Written in 1982, A.R. Gurney's The Dining Room encompasses action that could have taken place any time from the 1930s to the present. The set comprises one room -- a tastefully decorated dining room with formal table and chairs, a sideboard, a swinging kitchen door and open entry to the front hallway. If this wasn't your dining room, then perhaps it was the dining room of a neighbor, a room you coveted for its steadfastness and grandeur.
In Gurney's hands, the dining room represents the constrictions of family and tradition. It is the place where parents shush their children and demand they sit still. More importantly, it is a symbol of a time past and a dying institution -- the intact nuclear WASP family.
In the hands of the Fine Arts Center's Rep and director John Parra, Gurney's prose enjoys a rapid and smooth delivery. Six fine actors -- Tony Babin, Christina Bakken, Ray Bendana, Emory Collinson, Ashley Crockett and Jenice Marshall -- play more than 50 characters in short vignettes illustrating the give-and-take, the warp and weft of family life. There's something here that every audience member will recognize.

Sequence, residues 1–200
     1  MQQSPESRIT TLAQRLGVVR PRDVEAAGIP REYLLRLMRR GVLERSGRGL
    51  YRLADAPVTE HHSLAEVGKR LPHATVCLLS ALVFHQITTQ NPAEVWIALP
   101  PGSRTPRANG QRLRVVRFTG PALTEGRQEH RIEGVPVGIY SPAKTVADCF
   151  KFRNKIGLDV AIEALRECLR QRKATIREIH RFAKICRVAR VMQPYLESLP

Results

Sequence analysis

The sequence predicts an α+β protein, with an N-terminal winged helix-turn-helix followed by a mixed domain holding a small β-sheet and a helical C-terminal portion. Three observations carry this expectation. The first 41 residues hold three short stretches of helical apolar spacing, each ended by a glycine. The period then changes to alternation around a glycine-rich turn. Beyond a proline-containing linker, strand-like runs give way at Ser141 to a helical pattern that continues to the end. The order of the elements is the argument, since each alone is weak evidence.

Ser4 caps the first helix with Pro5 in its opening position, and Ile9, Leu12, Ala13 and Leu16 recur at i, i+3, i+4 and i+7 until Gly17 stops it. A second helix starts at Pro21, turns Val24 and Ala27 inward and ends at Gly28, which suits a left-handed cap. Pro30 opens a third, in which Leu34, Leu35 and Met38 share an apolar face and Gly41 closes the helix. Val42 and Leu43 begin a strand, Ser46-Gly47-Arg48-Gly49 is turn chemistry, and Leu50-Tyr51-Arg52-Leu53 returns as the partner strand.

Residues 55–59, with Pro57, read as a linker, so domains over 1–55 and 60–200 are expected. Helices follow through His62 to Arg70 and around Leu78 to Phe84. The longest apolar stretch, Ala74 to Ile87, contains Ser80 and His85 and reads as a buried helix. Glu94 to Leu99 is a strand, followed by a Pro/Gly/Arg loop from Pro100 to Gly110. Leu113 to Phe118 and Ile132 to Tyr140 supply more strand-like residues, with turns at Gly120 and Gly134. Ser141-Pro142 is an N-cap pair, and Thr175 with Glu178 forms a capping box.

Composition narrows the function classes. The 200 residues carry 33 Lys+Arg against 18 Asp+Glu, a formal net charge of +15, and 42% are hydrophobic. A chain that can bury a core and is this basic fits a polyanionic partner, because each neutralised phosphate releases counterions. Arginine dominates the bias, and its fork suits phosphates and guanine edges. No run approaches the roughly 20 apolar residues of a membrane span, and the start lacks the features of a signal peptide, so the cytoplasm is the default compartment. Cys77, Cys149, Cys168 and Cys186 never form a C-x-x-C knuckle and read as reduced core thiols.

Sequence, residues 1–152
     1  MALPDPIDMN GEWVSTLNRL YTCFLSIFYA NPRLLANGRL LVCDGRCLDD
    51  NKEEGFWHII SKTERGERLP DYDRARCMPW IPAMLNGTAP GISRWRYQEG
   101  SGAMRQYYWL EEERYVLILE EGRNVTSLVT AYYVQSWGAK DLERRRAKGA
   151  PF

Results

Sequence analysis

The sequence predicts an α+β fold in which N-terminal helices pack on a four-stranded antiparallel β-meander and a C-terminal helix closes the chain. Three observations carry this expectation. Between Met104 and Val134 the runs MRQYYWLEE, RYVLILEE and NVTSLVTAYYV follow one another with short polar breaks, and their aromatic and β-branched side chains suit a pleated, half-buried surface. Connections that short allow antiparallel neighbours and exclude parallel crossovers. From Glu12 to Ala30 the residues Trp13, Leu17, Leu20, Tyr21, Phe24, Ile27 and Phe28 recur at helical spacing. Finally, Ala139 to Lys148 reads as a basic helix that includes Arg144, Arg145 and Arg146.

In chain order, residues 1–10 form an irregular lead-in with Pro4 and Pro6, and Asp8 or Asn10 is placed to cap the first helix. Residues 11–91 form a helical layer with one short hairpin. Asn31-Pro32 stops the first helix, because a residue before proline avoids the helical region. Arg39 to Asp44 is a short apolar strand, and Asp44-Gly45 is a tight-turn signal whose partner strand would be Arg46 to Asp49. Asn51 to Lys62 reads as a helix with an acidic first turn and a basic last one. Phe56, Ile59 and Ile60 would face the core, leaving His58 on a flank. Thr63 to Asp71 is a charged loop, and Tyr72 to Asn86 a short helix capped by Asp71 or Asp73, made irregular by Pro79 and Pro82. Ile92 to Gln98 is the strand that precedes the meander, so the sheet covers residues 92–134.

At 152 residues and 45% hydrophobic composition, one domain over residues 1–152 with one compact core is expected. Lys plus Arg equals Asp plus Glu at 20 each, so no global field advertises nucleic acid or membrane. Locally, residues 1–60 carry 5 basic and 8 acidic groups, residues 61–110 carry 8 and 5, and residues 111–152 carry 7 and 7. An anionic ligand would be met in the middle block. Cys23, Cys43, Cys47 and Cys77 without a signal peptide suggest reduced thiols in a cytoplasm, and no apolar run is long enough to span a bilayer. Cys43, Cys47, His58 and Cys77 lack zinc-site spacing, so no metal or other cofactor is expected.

For example, in one scene the dining room is portrayed as the room in the house off limits to children. In another, the dining room is a repository for family treasures. "It's like a tomb," says one character, a room filled with the ghosts of former generations.
In a scene featuring a psychiatrist who has recently bought the house and an architect determined to turn the dining room into an office and waiting room, the shrink surveys the grand room and says, "But this room has such resonance."
"So does a church," deadpans the architect, "but that doesn't mean you have to live in it."
As competently as both the drama and comedy are played by the Rep actors, the mood was flat in the first act the night I saw the play. Things picked up in the second act, especially in a couple of farcical scenes.
In one, Babin, playing an overzealous college student snapping photos for an anthropology project lets his elderly aunt go on and on about table adornments. She is mortified to learn that his project is about "the eating habits of vanishing cultures."
In a touching scene near the end of the play, an elderly man outlines his plans for his own funeral to his reluctant son. "We'll talk here," he says to the boy. "No one comes near a dining room anymore."
The pacing, stage design and costuming for this production are all superb. And the actors pull off heroic feats, stretching the accents, their physicality and their expressiveness to depict characters ranging from a sleepy boy hugging a teddy bear to an Irish maid to a cranky old grandfather.
This is a solid production that local theatergoers should support. One can only hope to see an ensemble this talented gathered again on a local stage, tackling material even more challenging.
The Dining Room by A.R. Gurney
Presented by The Rep
Colorado Springs Fine Arts Center, 30 W. Dale St.
Friday, Jan. 14 and Saturday, Jan. 15, 8 p.m.
Call 634-5583 for ticket information or reservations.